By Lew Avera
Earlier this week we celebrated Memorial Day in San Clemente, honoring those who have served in our military forces over the years and particularly those who have given their lives to preserve our freedom and American way of life. Celebrations are particularly moving here in San Clemente with the many veterans from all services. I’m sure that all veterans were reminded of some of the most poignant events of their military careers.
This year’s celebration also coincides with the 40th anniversary, in April, of the final departure of U.S. troops from Vietnam in 1975 and the conclusion of U.S. operating forces on the ground in the Vietnam War. Much was seen on television and in the press of the evacuation of Saigon and our embassy and the departure of some 200,000 Vietnamese civilians, thousands of whom ended up just outside of San Clemente in the most northern part of Camp Pendleton.
Both this week’s Memorial Day and the evacuation events of last month raised one of the most memorable and special times of my life during my career in the U. S. Marines and a time about which we hear very little. March marked the 50th anniversary of the introduction of the first United States ground combat troops into Vietnam in March 1965. I happened to have been part of that event and have special memories of that first year with the people of Vietnam.
I was a company commander with the 3rd Battalion, First Marines at Camp San Mateo, just inside the back gate to Camp Pendleton from San Clemente. During that time I had resided in San Clemente on West Ramona Street for some two years when San Clemente had a population of about 7,000. On the day in March of 1965 when the very first U.S. troops landed in Chu Lai, South Vietnam, I was boarding a Navy transport ship in San Diego with the battalion for a pre-planned one-year deployment to the Far East. Of course, we went immediately to Vietnam.
At this time in South Vietnam, the U.S. had advisors to the Vietnamese military since the beginning of the1960s and some air support units as well, but no ground combat troops. The direct enemy of the South Vietnamese military were the Viet Cong, local residents and citizens abducted and trained by North Vietnam to fight and kill their own so that North Vietnam could take over and rule all of Vietnam, much like we see all over the Middle East today. However, the North Vietnamese were beginning to move south and infiltrate via Laos. Our landings in 1965 were the beginning of the “Vietnamese War” to halt this escalation.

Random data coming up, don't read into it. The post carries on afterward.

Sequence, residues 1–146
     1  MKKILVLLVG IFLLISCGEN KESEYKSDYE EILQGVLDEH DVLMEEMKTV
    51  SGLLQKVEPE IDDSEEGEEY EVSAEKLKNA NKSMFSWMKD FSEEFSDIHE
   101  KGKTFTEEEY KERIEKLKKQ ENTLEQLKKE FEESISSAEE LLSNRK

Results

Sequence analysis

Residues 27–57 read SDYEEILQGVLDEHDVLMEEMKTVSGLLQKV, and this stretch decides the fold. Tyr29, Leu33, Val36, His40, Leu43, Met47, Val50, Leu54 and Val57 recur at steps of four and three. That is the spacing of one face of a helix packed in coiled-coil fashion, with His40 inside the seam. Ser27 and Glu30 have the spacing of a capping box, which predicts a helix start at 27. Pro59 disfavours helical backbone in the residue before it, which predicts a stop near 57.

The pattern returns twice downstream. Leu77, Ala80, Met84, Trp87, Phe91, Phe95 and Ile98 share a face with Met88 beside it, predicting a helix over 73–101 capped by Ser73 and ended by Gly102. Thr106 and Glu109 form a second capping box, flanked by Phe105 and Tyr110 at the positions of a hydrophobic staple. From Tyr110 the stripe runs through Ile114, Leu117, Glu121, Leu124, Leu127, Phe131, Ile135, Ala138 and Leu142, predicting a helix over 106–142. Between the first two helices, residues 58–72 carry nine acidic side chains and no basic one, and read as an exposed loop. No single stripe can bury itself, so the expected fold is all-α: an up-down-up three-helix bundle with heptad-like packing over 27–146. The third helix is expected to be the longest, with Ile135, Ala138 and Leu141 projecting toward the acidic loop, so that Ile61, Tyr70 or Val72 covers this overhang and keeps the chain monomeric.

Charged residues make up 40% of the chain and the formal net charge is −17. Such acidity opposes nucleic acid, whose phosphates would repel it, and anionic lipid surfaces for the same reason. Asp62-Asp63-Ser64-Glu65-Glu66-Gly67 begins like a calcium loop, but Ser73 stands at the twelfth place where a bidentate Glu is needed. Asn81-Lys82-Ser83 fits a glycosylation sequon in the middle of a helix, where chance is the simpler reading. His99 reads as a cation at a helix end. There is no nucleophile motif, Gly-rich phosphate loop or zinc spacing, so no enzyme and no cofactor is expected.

At the time of our landing the U.S. advisors were spread all over the I Corps, the northern third of the country, with their Vietnamese units. Their safety was a problem and something we needed to ensure. The highlight of my experience was being selected to form a special U.S. Marine Company of some 200 Marines to deploy in six locations throughout the northern country to provide security for these advisors.
In doing this I was detached from Marine unit locations and located into the civilian communities of the major cities of DaNang, Hue, Hoi An, Quang Tri and Quang Nai. Remembering that actual ground combat had not yet begun for our U.S. troops, this gave me an opportunity to literally, in a certain way, become a member of the “Vietnamese community.” As such, I remember working with their military leaders, teaching English to school and church groups and young people, participating in recreational and social activities with local citizens as well as, and perhaps above all else, visiting with their critically wounded in their hospitals. Of course, the lack of quality and care in their military hospitals was heartbreaking. I have pictures of many of these activities that keep them active in my mind. To this day I know many Vietnamese people here in San Clemente and Orange County and consider them to be among my very best friends.
I continued in this role for my entire tour to April 1966 when I returned home to the U.S. and later returned to South Vietnam in 1970 on a major assignment, in country, as the last of the Marine ground combat units were withdrawn from country in 1971.
So it was with Memorial Day 2015, a recollection of my most memorable time as a Marine, and thinking about the thousands of others who served with me and the many who gave their lives for all of us.